Garbage collection takes care of allocation based reference count.

    Example:
    # Clear, then add elements
    @{$dependencies{$_}} = ();
    push @{$dependencies{$_}}, $bug_number;

    The only thing you have to worry about is if you are dereferencing an uninitialzed value
    without context or an initialzed value with the wrong context.
    It does seem kind of weird though that a bunch of scalars are initialized and a few aren't
    in a block far away from where it is used. But since scalars can be reused, they can
    contain different context, so its ambigous to initialize them at that location.
    Variable names suck so thats no help.

    Don't take all this too seriously. Larger programs have many different needs, and there
    are many ways to accomodate them. In reality, you are writing the program for others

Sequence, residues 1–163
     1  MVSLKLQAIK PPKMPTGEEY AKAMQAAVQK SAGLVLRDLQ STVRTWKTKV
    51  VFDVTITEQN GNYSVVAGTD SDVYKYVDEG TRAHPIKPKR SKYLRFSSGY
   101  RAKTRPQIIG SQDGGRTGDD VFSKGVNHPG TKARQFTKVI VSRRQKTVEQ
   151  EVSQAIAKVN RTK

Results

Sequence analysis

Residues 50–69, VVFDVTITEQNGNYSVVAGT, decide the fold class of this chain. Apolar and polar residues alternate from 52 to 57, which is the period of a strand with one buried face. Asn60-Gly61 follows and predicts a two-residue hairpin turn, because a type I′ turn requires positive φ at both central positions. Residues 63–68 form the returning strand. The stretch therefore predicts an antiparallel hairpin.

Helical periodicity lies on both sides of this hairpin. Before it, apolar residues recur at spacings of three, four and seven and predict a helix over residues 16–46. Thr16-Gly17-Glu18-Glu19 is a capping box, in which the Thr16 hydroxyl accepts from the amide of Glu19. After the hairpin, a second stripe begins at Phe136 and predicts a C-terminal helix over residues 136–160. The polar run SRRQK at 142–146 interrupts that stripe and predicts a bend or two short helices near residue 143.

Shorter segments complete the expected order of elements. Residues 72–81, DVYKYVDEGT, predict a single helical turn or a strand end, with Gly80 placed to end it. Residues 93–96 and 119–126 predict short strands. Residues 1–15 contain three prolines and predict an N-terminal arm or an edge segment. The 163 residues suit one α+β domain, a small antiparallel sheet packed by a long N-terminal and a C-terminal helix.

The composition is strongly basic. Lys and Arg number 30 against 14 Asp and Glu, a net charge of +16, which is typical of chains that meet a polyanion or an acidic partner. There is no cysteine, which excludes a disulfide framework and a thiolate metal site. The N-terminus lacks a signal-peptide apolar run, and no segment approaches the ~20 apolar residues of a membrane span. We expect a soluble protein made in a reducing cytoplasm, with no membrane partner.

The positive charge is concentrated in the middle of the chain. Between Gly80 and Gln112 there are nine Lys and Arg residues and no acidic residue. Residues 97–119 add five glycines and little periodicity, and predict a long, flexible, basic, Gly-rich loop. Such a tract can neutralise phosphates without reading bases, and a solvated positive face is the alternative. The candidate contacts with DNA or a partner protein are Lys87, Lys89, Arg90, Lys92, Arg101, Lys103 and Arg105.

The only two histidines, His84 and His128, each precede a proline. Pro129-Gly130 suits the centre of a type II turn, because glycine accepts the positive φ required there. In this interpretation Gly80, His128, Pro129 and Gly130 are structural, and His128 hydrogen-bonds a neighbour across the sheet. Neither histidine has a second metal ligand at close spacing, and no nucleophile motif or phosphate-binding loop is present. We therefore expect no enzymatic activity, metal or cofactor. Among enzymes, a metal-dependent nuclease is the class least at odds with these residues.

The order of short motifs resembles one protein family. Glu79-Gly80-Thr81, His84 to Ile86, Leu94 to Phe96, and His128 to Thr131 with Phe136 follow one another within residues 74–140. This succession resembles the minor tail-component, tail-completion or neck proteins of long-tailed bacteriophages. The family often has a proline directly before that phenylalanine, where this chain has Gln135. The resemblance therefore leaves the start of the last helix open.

to read. Mostly is you but you want to make it easy on yourself later.

    -sln

    {
    no strict;
    use warnings;

    my $aref; # autov on element Read
    print !$aref->[0] ? "aref\) '@{$aref}'\n" : "won't see this\n";

    my $bref;
    print "bref) '@{$bref}'\n"; # no autov, error undef value in array deref (read)

    my $cref;
    $cref->[0] = 'hello'; # autov on element Write
    print "cref) '@{$cref}'\n";

    print "\n";

    my %hash; # autov hash keys on Read or Write
    print "hash> '@{[%hash]}'\n" if !$hash{'key'};

    # autov on element Read
    print !$hash{'Akey'}->[0] ? "Akey\) '@{$hash{'Akey'}}'\n" : "won't see this\n";

    print "Bkey) '@{$hash{'Bkey'}}'\n"; # no autov, undef value in array deref (read)

    $hash{'Ckey'}->[0] = 'hello'; # autov on element Write
    print "Ckey) '@{$hash{'Ckey'}}'\n";

    my @array = @{$hash{'Dkey'}}; # no autov, error undef value in array deref (read)


    @{$hash{'Ekey'}} = (); # same as $hash{'Ekey'} = []
    print "Ekey) '@{$hash{'Ekey'}}'\n";
    print "$hash{'Ekey'} = ".\@{$hash{'Ekey'}}."\n";
    }
    , Aug 26, 2009
    #19